The winner of the scrubba, drawn by random number 1-27, is 14, Jane, who wrote:
I usually launder in a hotel room. I then lay my clothes on a towel and roll the towel up to help get rid of the excess water. I put my damp clothes over a towel rack and hope they dry the next morning.
I woud love to win this scrubba.
Additionally, I am awarding inflatable coat hangers to Bruce Rabin, SSM, and Jordan.
More than a decade ago I was invited to give lectures at several universities in Japan. When I arrived at my high-end hotel in Tokyo I discovered a very visible stain on my suit. Although I rarely use hotel cleaners I sent this for 24 hour cleaning and by the end of the day, returned to me was a beautifully laundered party dress. I should add that I was not traveling with my wife. I pointed out the error to the concierge who insisted by showing me the laundry ticket that indeed I had given them a party dress and not a suit to be cleaned. When I try to make light of this by mentioning that this dress was not even my size I don’t think they understood. I finally left them the dress and I went out and bought an inexpensive sport jacket.
Several days later I checked out of the hotel, left my bags at the desk, gave my last lectures and then returned to pick up my bags and head to the airport. They were happy to tell me they had not charged for my laundry.
When I arrived home I opened my bag to find on top a folded and laundered party dress. Fortunately my wife has a good sense humor. I hope that the husband of the owner of the dress also had a sense of humor.
While visiting Mumbai with 5 family members almost two years ago, we were traveling with about 2 weeks worth of dirty clothes each. We gave our clothes to the hotel to have them washed. They were returned promptly, fresh n’ clean. Only problem, they ironed cloth barcode tags on every piece of laundry for 6 people. Get all 6 of us back together, and one of us is bound to have barcoded socks or underwear!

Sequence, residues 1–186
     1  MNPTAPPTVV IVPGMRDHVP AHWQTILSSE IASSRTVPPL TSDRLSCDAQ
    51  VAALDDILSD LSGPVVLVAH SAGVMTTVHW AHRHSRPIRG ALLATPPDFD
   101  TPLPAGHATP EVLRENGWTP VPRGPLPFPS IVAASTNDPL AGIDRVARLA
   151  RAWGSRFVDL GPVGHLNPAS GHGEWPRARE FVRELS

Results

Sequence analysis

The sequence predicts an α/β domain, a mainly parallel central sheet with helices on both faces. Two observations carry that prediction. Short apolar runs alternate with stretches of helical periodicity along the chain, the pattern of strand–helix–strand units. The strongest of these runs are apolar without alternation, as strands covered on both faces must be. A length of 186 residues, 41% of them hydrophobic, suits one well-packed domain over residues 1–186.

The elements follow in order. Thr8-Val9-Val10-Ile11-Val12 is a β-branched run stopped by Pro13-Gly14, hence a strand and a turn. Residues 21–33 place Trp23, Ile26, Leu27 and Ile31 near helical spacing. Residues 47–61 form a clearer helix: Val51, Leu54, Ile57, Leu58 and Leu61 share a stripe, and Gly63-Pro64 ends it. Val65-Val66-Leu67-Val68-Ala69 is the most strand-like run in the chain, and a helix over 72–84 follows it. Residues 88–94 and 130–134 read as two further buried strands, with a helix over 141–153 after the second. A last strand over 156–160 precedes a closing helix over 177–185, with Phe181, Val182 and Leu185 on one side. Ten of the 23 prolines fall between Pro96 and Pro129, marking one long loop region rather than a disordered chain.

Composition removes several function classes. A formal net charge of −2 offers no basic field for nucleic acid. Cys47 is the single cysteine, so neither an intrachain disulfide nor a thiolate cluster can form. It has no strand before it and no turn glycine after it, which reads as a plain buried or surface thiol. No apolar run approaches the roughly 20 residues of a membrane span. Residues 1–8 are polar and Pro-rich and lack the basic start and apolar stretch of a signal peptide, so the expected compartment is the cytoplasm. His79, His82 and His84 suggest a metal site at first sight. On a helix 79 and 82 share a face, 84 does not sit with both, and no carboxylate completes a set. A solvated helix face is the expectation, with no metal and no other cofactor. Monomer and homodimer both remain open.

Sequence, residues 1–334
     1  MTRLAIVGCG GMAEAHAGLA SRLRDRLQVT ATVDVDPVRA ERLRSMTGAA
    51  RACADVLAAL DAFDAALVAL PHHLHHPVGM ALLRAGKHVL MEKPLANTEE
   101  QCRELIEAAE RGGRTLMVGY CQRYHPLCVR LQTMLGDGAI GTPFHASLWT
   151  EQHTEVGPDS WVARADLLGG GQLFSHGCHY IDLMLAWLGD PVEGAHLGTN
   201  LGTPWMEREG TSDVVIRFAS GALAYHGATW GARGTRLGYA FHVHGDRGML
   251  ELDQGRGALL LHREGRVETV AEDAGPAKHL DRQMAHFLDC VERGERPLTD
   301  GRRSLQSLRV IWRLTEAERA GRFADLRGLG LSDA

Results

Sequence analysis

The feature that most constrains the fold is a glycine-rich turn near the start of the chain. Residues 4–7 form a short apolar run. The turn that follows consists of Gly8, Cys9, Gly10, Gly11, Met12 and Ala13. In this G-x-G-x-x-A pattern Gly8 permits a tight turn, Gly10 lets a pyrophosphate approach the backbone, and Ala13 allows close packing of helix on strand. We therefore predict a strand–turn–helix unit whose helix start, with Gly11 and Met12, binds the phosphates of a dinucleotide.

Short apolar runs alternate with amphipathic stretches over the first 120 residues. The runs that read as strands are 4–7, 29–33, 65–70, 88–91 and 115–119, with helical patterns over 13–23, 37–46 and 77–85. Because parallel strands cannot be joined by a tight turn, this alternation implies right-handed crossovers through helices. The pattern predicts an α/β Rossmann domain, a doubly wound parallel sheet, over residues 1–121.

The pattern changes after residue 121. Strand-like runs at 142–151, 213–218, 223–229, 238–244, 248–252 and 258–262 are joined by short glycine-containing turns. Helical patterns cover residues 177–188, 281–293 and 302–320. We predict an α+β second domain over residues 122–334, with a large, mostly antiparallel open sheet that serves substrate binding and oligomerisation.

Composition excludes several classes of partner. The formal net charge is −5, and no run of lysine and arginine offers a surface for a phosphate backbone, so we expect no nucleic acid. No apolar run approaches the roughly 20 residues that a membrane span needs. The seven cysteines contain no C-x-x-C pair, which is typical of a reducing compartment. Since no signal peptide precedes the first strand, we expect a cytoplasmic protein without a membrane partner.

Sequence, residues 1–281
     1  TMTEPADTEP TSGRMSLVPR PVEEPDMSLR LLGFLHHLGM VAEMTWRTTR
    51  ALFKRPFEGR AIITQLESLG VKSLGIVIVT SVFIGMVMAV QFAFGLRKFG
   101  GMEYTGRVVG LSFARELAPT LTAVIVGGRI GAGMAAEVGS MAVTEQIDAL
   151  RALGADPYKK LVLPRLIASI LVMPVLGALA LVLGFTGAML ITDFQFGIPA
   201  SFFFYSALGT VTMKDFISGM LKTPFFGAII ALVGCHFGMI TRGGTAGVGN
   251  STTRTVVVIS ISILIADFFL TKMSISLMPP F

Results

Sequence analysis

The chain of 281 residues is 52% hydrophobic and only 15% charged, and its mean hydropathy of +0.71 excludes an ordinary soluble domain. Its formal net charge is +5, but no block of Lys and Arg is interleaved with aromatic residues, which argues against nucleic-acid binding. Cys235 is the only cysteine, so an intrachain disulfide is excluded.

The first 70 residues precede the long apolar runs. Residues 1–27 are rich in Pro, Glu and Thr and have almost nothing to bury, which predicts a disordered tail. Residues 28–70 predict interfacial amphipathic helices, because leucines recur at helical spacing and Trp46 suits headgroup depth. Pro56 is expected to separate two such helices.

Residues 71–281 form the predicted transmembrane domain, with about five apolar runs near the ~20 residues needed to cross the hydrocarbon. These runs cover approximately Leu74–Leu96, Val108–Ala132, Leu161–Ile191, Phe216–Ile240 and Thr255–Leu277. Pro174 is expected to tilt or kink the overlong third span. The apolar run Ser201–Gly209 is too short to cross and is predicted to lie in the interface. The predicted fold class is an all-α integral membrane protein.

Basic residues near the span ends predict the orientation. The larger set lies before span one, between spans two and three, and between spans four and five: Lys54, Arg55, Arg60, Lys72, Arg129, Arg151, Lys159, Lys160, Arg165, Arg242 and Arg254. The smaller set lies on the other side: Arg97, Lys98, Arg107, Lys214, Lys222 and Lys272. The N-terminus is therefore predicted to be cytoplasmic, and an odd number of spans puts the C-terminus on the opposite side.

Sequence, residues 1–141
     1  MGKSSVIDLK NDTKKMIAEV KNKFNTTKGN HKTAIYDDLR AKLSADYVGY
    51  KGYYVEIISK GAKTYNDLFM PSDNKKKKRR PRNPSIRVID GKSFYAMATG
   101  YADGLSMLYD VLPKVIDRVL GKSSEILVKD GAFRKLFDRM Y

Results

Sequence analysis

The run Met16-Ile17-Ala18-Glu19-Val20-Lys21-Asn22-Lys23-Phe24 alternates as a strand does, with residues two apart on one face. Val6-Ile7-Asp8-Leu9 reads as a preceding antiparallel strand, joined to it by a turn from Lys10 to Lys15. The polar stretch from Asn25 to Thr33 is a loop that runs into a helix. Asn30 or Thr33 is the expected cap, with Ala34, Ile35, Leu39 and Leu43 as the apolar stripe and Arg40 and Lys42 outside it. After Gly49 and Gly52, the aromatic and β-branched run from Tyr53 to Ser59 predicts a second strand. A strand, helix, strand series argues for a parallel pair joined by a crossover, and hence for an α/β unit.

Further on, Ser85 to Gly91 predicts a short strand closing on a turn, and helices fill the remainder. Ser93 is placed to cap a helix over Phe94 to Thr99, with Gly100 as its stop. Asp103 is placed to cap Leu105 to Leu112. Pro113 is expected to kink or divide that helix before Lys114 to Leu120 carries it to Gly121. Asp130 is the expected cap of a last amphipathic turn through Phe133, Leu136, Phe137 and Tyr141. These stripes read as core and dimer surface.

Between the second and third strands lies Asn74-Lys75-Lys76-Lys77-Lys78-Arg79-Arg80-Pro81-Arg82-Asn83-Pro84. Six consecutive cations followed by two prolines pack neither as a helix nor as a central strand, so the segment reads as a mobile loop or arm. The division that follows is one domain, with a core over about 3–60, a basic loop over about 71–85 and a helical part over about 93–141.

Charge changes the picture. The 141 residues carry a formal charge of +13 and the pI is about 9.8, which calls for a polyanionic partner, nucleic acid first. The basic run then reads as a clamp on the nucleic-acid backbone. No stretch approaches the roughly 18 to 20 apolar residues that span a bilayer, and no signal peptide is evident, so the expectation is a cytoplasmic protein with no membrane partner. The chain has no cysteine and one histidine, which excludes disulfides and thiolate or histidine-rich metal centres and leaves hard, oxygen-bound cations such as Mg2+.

I’ve got two.
The first was in Bangkok: My hotel charged exuberant rates for laundry. (Well, exuberant for Bangkok. Dirt cheap for the rest of the world. I guess it’s all relative in Thailand.) I was determined to get it done more cheaply so just tok a small bag of clothes with me that day as I set out to wander the city. I found a place advertising laundry services, left my things, and was told to come back the next evening. Well the next evening as I went to go find the place, I realized I had no idea where it was. It took me at least two frustrating hours of trying to retrace my steps around Sukhumvit before I found the place. I finally did, and clothes were freshly cleaned, though leaving them at the hotel would have been much easier.
A second time in Lisbon I left my clothes on either a Friday or Saturday at a laundromat just around the corner from the hostel at which I was staying. Sunday night I had an overnight bus to Sevilla, so I went to pick up my clothes that afternoon. Turns out the laundromat was closed on Sundays. It says this in very small print on their window. However the most frustrating part was seeing my laundry bag with my name on in sitting inside on a counter behind the glass and gated windows. I was tempted to break in but decided it best not. I had to stay an extra night in Lisbon, lost a nonrefundable bus ticket and lost my first night of accommodation in Sevilla just for some clean socks and underwear. Oy…
If I don’t win, the scrubba will definitely be on my Christmas list!